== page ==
A few notes of explanation for the chart.  The second column is the number of times Gagner started in the offensive zone subtracted by the number of times he started in the defensive zone.  So that -4 number means he's had four more defensive zone starts over the course of this season, the most difficult ratio of his young career.  The next three columns all talk about "Corsi." Corsi is goals + saved shots + missed shots + blocked shots while a given player is on the ice.  Corsi + are shots for, Corsi - shots against (for a longer explanation of Corsi, Kent Wilson did a great writeup about a week ago).  As you can see, Gagner is in the black by this measure for the first time in his career, despite a more difficult ratio of zone starts.  That's good news because it means Gagner is getting better at driving possession as his career progresses.  The last three columns are "Quality of Competition" measurements.  The first one is based on the +/- of Gagner's opponents.  The second is based on the Corsi number of his opponents and the third based on the Corsi of this opponents relative to their teammates.  Personally, I'm partial to the last one, but I think it's helpful to use all three.  The score (i.e. "10th") is where Gagner ranks relative to the rest of the Oiler forwards who played at least 20 games.  So, for example, this season Gagner is ranked 10th, 7th and 12th among Oiler forwards by these three measures.  What this tells me is that Gagner has been facing pretty easy competition all three seasons though I expect his gap from the top is smallest this season given the tendencies of Craig MacTavish (hard-matching most of the time) and Pat Quinn (rolling lines most of the time).  All in all, when I look at these numbers, I see a player that's improving at a nice clip and I expect that improvement to continue through Gagner's early twenties.  I also need to acknowledge both Gabe Desjardins and Vic Ferrari who have provided access to the information posted in the above chart.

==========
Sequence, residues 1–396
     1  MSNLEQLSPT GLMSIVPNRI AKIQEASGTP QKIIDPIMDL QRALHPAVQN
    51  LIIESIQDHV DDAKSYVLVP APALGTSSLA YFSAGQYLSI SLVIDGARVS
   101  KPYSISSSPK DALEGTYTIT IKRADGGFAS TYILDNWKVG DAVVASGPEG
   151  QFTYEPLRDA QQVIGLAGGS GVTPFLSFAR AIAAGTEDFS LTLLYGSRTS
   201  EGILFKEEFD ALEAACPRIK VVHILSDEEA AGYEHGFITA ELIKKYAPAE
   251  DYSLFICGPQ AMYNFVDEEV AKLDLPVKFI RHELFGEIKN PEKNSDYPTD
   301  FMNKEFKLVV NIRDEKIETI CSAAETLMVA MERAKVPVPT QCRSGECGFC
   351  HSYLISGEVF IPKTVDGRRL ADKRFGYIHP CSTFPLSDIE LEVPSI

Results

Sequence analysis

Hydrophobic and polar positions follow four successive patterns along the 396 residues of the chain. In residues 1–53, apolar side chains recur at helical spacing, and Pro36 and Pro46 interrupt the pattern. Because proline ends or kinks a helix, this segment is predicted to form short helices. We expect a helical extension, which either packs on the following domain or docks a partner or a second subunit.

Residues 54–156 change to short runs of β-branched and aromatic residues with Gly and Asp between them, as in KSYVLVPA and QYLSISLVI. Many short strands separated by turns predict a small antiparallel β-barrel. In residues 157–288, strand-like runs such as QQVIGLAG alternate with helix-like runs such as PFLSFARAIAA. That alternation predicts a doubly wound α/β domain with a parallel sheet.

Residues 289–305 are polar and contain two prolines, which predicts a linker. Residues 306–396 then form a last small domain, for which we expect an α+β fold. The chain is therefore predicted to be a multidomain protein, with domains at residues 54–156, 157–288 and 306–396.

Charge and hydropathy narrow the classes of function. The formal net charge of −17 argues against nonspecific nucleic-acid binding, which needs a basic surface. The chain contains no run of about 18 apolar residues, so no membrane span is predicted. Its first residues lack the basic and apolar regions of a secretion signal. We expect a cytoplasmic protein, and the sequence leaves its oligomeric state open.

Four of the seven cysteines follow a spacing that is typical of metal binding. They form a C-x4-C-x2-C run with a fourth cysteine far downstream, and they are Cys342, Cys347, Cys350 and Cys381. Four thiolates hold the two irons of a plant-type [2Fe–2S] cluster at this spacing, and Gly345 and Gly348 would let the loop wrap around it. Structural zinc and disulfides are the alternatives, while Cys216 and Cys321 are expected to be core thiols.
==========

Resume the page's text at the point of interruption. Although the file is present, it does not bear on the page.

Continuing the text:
So if Gagner is improving, why aren't his boxcar totals also going up?  And for this we need to look to the vagaries of shooting percentages in the game of hockey as well as the kinds of opportunities that Gagner has been afforded.  Which means, of course, that it's time for another chart!